Adverse Effects

The most common adverse effect associated with mannitol therapy is fluid and electrolyte imbalance including circulatory overload and acidosis at high doses. The expansion of extracellular volume can precipitate pulmonary oedema and patients with diminished cardiac reserve are at special risk. The shift of fluid from the intracellular to extracellular compartment can cause tissue dehydration; dehydration of the brain, particularly in patients with renal failure, may give rise to CNS symptoms.

When given by mouth, mannitol causes diarrhoea. Intravenous infusion of mannitol has been associated with nausea, vomiting, thirst, headache, dizziness, chills, fever, tachycardia, chest pain, hyponatraemia, dehydration, blurred vision, urticaria, and hypotension or hypertension. Large doses have been associated rarely with acute renal failure. Hypersensitivity reactions have occurred.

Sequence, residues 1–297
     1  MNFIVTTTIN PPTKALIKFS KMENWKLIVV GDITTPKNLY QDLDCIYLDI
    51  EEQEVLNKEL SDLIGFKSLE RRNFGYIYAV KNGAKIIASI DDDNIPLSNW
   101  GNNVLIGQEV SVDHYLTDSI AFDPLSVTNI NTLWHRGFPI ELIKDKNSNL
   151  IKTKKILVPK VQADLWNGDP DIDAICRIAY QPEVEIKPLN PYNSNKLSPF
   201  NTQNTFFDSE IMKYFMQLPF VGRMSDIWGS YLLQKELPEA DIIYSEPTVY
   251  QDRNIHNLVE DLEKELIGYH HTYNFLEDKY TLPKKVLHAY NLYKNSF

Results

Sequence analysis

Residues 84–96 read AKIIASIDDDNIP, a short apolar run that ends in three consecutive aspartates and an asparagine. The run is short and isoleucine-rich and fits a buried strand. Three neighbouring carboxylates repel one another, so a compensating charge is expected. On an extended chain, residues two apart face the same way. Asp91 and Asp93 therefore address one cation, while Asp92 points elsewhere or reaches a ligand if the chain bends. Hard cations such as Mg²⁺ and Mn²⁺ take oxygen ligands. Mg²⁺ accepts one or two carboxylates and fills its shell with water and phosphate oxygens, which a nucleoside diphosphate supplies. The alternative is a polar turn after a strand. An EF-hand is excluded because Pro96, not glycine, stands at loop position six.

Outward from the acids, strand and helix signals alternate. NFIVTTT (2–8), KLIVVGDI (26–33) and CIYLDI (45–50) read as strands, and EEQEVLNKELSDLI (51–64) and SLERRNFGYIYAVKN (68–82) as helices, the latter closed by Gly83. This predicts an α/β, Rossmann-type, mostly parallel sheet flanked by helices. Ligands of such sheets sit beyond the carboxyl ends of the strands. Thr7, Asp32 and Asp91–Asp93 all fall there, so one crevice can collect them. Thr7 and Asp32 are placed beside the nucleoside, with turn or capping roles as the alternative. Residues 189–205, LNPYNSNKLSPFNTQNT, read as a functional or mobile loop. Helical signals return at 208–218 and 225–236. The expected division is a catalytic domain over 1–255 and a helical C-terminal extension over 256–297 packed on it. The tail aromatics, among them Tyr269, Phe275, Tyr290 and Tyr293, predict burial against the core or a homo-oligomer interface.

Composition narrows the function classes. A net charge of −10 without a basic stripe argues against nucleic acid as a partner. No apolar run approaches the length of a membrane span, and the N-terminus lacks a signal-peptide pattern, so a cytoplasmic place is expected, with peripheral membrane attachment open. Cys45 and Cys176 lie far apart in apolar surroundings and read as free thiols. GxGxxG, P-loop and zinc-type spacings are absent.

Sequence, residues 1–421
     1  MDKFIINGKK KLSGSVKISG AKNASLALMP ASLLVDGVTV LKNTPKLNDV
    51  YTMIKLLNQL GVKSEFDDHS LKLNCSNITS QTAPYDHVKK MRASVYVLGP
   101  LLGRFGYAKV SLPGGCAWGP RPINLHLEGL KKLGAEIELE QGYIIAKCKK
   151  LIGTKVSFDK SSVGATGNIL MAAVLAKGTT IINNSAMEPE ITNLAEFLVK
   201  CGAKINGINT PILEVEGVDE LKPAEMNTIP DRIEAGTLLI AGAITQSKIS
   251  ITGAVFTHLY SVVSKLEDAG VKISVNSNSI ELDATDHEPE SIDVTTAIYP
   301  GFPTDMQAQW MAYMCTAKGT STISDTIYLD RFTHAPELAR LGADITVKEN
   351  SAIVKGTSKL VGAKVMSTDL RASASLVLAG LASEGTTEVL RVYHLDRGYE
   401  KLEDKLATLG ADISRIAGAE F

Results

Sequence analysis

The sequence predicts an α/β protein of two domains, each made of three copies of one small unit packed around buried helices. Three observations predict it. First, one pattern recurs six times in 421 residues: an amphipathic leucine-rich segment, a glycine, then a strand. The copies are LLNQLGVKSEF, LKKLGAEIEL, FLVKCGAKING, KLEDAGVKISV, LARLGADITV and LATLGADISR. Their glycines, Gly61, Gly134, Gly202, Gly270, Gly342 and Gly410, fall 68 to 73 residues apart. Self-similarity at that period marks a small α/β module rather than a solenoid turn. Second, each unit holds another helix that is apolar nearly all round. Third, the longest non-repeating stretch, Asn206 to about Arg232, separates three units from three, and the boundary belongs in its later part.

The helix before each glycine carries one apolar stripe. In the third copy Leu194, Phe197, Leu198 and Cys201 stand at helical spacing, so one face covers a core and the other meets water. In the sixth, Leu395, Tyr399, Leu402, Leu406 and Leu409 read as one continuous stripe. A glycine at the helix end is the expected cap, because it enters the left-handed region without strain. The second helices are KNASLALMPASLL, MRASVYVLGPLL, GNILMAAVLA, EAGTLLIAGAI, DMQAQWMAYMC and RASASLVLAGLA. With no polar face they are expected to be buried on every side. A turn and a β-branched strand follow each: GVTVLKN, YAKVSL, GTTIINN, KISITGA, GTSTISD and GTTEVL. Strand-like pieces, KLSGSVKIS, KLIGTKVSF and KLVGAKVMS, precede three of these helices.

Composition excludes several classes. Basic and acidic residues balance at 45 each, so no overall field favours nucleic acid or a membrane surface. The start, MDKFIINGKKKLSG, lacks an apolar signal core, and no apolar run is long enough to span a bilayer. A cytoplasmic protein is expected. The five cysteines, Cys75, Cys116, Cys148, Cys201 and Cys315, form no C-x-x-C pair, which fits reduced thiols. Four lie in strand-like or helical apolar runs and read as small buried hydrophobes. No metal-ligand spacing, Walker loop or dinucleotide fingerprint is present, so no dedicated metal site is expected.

Extravasation of the solution may cause oedema and skin necrosis; thrombophlebitis may occur.

Effects on the blood.

Agglutination and irreversible crenation of erythrocytes occurred when blood was mixed with varying proportions of a 10% mannitol solution.1 It was suggested that intravenous infusions should be carefully controlled and given at a slow rate. This observation could have particular relevance to patients with sickle-cell disease.2,3 Although agglutination and crenation had been observed in vitro, dilutional effects would make in-vivo interaction with blood cells less likely.4

  1. 1. Roberts BE, Smith PH. Hazards of mannitol infusions. Lancet 1966; ii: 421–2.
  2. 2. Konotey-Ahulu FID. Hazards of mannitol infusions. Lancet 1966; ii: 591.
  3. 3. Roberts BE, Smith PH. Hazards of mannitol infusions. Lancet 1966; ii: 591.
  4. 4. Samson JH. Hazards of mannitol infusions. Lancet 1966; ii: 1191.

Effects on the gastrointestinal tract.